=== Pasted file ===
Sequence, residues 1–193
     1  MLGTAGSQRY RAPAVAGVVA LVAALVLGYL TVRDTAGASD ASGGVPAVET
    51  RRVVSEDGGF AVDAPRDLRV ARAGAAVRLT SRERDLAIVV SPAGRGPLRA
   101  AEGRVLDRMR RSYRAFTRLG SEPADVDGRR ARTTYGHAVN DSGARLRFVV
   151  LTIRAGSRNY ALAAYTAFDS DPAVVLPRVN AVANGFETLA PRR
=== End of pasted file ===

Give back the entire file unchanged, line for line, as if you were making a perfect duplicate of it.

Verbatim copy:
Sequence, residues 1–193
     1  MLGTAGSQRY RAPAVAGVVA LVAALVLGYL TVRDTAGASD ASGGVPAVET
    51  RRVVSEDGGF AVDAPRDLRV ARAGAAVRLT SRERDLAIVV SPAGRGPLRA
   101  AEGRVLDRMR RSYRAFTRLG SEPADVDGRR ARTTYGHAVN DSGARLRFVV
   151  LTIRAGSRNY ALAAYTAFDS DPAVVLPRVN AVANGFETLA PRR